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Album Review

It is somehow fitting that a musician responsible for such gutsy, uncompromising music was born and raised in the Watts district of Los Angeles, CA. "Deacon" Big Jay McNeely helped establish rock & roll by hammering out a stream of jump records that were perfect for dancing and carousing purposes. Most of these tunes are grandstand blowouts, tempered with occasional slow and substantial essays in blue like "Deacon's Groove (Cool Blood)." Between the rips and roars it's interesting to examine the personnel involved in all of these dynamite recordings. John Anderson seems to have been McNeely's primary trumpeter, while the trombones were handled by either Earl Hines alumnus John "Streamline" Ewing or the mighty Britt Woodman, a musician greatly admired by Charles Mingus. The combination of Woodman's trombone and Jay's brother Bob McNeely's baritone sax is powerful, creating a vertigo effect during "The Deacon's Hop." Beginning with the Exclusive Records session of February 1949, Leonard "Tight" Hardiman was established as the drummer, with Charles McNiles socking the bongos on "Blow Big Jay" and the relatively laid-back "Tondelayo." Jimmy O'Brien plays exceptionally fine piano behind Clifford Blivens' blues shouting on "Midnight Dreams" and "Junie Flip." He is featured on "K & H Boogie" and adds spice to the mix throughout this exciting collection. Bassist Ted Shirley sings gruffly on "Roadhouse Boogie." McNeely's debut session for Aladdin Records provided him with greater exposure and apparently inspired him to blow hotter than ever, while his brother roared almost demonically behind him on the baritone. "Let's Split" sounds almost identical to the 1950 Johnny Otis hit "Turkey Hop." Its apparent sequel, "Real Crazy Cool," seems downright demented! Generally speaking, this is good time music that won't quit.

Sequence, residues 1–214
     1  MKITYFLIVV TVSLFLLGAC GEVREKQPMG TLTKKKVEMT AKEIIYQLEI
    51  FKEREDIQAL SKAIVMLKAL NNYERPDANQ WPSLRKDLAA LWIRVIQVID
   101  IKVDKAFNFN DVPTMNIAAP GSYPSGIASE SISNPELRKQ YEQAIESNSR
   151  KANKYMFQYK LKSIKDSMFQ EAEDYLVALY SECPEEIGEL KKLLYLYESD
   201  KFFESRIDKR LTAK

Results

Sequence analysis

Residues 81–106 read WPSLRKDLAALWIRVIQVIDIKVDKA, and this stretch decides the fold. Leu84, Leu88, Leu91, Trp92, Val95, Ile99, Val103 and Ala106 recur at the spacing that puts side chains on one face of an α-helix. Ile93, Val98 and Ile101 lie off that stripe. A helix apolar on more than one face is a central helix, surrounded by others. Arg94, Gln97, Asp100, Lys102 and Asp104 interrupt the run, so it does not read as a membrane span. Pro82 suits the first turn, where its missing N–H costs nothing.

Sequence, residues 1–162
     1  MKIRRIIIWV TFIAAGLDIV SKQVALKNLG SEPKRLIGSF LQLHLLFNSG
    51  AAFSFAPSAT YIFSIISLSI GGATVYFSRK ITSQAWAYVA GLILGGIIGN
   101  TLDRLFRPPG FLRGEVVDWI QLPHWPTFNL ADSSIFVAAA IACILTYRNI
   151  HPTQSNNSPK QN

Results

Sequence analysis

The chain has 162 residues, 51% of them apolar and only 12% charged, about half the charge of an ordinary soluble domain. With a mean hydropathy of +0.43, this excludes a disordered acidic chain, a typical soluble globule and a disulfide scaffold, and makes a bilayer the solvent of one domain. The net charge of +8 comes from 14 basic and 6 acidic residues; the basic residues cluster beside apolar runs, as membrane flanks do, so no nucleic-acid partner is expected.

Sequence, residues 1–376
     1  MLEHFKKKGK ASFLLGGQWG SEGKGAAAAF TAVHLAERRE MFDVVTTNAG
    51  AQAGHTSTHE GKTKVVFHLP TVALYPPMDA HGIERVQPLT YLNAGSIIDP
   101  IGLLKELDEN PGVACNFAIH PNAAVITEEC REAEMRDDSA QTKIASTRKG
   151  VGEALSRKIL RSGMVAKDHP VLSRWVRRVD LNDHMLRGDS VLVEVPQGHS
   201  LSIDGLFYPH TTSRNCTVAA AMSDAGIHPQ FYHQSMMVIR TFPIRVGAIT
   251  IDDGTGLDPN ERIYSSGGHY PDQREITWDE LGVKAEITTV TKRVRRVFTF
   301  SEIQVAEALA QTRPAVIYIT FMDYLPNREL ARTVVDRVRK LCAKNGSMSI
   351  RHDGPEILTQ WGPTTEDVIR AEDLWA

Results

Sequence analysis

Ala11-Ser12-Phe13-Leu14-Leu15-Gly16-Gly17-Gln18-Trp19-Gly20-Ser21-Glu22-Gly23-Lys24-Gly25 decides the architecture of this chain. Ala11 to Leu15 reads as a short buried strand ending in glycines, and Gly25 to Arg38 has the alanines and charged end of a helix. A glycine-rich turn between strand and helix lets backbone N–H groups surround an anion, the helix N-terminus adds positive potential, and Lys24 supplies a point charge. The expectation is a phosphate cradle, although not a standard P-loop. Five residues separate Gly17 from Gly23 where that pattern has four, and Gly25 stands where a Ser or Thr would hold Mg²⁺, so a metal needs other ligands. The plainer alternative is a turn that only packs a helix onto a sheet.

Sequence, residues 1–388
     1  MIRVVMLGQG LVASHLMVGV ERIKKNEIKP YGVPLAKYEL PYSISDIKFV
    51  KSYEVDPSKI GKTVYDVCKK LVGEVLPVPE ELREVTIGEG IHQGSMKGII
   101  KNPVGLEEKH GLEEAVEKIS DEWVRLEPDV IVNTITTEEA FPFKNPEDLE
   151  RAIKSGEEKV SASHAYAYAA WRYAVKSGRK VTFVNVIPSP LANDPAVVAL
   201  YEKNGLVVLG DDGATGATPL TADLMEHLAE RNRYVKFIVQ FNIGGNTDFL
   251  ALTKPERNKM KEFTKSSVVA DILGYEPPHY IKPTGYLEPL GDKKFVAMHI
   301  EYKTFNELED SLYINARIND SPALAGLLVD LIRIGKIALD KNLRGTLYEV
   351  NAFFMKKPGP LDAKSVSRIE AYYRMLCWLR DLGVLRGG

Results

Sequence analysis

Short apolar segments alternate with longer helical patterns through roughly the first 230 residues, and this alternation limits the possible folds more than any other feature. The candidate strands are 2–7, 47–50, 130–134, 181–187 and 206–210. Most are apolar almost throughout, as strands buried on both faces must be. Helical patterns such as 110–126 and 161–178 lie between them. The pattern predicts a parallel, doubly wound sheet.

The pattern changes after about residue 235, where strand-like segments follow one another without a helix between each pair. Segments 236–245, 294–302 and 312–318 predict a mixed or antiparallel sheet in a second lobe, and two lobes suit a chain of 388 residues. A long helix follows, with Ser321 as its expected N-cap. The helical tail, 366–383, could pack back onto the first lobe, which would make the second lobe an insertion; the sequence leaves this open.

Born: 29 April 1927 in Watts, CA

Genre: Blues

Years Active: '40s, '50s, '60s, '70s, '80s, '90s, '00s, '10s

As one of the titans who made tenor sax the solo instrument of choice during rock's primordial era, Big Jay McNeely could peel the paper right off the walls with his sheets of squealing, honking horn riffs. His mighty tenor sax squawking and wailing with wild-eyed abandon, McNeely blew up a torrid R&B tornado from every conceivable position -- on his knees, on his back, even being wheeled down the street on an auto mechanic's "creeper" like a modern-day pied piper. Cecil McNeely and his older brother...
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1948-1950, Big Jay McNeely
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